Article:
“Cold winter weather is just around the corner according to the forecast. I can’t say that I am looking forward to it. I am sitting here at home now waiting for it to warm up before I go out riding. It was 18 degrees F. when I got up this morning. I try to ride thru the winter but not in the bitter cold. I can handle the 30s although I have to admit that the older I get the harder it is to do so. I much prefer the 50s but that is not typical winter temperatures for northern Indiana. I have experimented with various clothing and handwear trying to find something that works keeping me warm. Last winter I used “bar end mitts” on my handlebars. I liked them at first as they kept the cold air and wind off of my hands, however, they are just too small inside and my hands are right against them which transfers cold thru them onto my hands. Also it is nearly impossible to work the twist shifters to shift gears and it is even difficult to work the brake levers. I reinstalled them several weeks ago but I removed them about 3 weeks ago. I have found that I do better without them. I am wearing two pair of mittens … a hand knit wool pair which do a pretty good job of keeping my hands warm although air passes thru them … so I wear a second pair of mittens … Hotfingers Rip N Go which are fairly warm by themselves but they do an excellent job of stopping any air from passing thru. It is a bit bulky but they are doing a good job. And, if needed, I can also use chemical hand warmers inside of them. So my hands are staying warm now with this combination. Shifting is still a bit challenging but better than when using the bar end mitts. I have always had a problem keeping my feet warm but I think I have that resolved as well. I am wearing one pair of thick wool socks and leather shoes over them. So far that is doing the job but if needed I can always try using a plastic bag over my foot to block air from getting thru. For my legs I am using a pair of 32Heat “tights” and a pair of sweat pants over them. For my upper body I am wearing layers of a long sleeve undershirt, a regular long sleeve shirt with a pocket, a duck down filled coat and a hooded sweatshirt. This combination keeps me very warm. For my head I wear a ball cap or visor to help block the sun from my eyes and a stocking cap with built in earmuffs over the ball cap/visor. Lastly I use the sweatshirt hood over both to add warmth plus help hold the hat on my head when the wind is blowing. My head stays plenty warm as well with this combination. I also wear a pair of wrap around bubble type safety glasses which do a good job of keeping the air out of my eyes so basically only my nose, mouth, cheeks and chin are exposed to the air. I have not yet needed anything over my face but I do have a couple of various things I can use if I need to. I have to admit that rather then bundling up like this I would much prefer riding in shorts and a short sleeve shirt in 70 degree weather.”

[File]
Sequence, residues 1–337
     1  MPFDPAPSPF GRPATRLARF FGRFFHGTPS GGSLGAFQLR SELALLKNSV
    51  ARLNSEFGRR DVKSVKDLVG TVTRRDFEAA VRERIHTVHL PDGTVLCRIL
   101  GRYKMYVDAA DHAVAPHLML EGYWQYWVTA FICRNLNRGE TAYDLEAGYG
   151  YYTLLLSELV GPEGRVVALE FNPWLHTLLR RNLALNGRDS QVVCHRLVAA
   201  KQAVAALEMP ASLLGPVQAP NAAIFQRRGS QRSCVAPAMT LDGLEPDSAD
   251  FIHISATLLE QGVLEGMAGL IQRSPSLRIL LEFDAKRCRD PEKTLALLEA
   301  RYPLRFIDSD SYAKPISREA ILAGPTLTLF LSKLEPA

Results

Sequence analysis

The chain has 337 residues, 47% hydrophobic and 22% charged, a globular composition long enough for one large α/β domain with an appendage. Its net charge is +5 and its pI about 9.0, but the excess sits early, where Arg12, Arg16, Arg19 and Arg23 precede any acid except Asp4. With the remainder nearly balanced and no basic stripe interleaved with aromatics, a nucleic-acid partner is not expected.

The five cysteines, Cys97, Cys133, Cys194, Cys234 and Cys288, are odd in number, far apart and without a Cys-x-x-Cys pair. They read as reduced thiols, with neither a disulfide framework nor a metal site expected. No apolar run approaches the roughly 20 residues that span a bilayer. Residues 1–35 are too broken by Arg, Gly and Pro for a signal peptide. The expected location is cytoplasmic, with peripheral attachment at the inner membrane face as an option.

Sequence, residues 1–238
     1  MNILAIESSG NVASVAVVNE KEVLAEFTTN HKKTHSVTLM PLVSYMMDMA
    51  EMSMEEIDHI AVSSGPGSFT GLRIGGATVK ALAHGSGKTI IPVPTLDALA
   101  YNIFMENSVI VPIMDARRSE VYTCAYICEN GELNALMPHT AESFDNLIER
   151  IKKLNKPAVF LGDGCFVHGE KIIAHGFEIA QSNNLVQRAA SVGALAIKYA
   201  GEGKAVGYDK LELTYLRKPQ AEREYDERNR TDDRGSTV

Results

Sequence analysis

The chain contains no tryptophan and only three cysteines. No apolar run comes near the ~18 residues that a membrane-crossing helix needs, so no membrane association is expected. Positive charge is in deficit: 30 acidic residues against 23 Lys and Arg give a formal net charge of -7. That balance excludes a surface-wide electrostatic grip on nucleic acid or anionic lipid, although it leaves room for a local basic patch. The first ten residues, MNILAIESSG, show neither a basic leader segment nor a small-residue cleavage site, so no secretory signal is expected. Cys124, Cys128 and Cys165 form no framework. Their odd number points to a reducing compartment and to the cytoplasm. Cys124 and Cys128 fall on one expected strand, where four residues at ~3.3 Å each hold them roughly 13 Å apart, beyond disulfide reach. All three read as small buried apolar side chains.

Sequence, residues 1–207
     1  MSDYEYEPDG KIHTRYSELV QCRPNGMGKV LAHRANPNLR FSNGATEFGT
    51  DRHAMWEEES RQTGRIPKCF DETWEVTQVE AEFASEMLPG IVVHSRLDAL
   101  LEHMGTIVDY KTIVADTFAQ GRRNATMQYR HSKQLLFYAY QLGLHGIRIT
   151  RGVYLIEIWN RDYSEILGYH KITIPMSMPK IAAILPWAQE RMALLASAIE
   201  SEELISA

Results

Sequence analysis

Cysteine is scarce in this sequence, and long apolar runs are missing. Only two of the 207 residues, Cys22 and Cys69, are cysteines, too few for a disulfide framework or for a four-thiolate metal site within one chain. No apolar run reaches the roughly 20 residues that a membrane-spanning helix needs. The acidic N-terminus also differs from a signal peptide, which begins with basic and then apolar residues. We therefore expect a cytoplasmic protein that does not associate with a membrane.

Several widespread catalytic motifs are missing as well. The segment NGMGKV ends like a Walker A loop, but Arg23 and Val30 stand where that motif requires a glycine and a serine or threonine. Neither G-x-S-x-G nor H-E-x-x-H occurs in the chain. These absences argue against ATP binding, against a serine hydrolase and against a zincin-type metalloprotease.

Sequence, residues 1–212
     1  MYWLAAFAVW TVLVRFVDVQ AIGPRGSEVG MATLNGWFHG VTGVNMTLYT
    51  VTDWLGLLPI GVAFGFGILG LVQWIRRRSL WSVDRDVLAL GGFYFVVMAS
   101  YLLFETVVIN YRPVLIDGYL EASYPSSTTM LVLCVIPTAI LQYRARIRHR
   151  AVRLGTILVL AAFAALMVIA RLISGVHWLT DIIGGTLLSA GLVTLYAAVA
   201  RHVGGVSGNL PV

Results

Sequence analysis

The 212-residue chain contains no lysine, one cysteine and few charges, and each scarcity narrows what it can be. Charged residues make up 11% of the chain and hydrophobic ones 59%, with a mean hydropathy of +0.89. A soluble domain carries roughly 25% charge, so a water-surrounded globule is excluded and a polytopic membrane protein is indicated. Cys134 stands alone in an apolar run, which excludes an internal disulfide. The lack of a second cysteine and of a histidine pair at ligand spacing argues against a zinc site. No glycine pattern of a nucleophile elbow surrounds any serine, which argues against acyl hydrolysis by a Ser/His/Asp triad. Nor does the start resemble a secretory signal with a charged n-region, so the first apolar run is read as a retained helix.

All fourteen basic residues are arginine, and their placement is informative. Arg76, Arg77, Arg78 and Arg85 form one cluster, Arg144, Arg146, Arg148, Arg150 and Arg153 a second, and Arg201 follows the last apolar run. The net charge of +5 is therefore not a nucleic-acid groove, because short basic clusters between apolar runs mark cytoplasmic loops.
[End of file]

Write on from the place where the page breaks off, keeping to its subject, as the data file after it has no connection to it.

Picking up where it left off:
I am in there somewhere!

Please feel free to leave a comment telling others what works for you keeping you warm while out riding in the cold. Notice I said out riding in the cold. We can do without the comments about riding in Florida, Arizona, Southern California, etc. or riding inside on a trainer where it is toasty warm. I am not addressing wimps here but real he men and women who are tough.

As they say, all others need not apply!

So bundle up …

And don’t forget to put on those long johns …

Do whatever it takes for you to keep warm enough and to …

FREE GIFT awaits you!

ACCOMMODATING SHORT RIDERS by SHORTENING the BOOM

We as people come in all sorts of different sizes and shapes. That is why the X-seam measurement is so important. Inseam measurement won’t do.  Those who are quite short or quite tall can and often do run into problems finding things that fit them. That includes tadpole trikes. But there is help so don’t give up. NO you don’t have to undergo surgery to have your legs lengthened. Actually there are various options including adjustable seats … something I personally advise people to avoid as moving the seat back and forth on the frame changes the weight distribution and effects the handling and safety of the trike. The same is true when cushions of any kind are used to move the rider further forward in the seat. By far the best way to accommodate a short rider is to shorten the boom.